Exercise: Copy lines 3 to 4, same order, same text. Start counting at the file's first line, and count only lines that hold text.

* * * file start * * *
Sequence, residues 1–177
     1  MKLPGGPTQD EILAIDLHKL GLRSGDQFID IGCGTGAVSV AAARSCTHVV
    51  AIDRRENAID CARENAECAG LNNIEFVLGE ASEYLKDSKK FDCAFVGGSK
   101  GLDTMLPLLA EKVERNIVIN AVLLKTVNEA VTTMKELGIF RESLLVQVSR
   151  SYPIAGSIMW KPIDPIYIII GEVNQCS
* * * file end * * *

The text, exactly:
    51  AIDRRENAID CARENAECAG LNNIEFVLGE ASEYLKDSKK FDCAFVGGSK
   101  GLDTMLPLLA EKVERNIVIN AVLLKTVNEA VTTMKELGIF RESLLVQVSR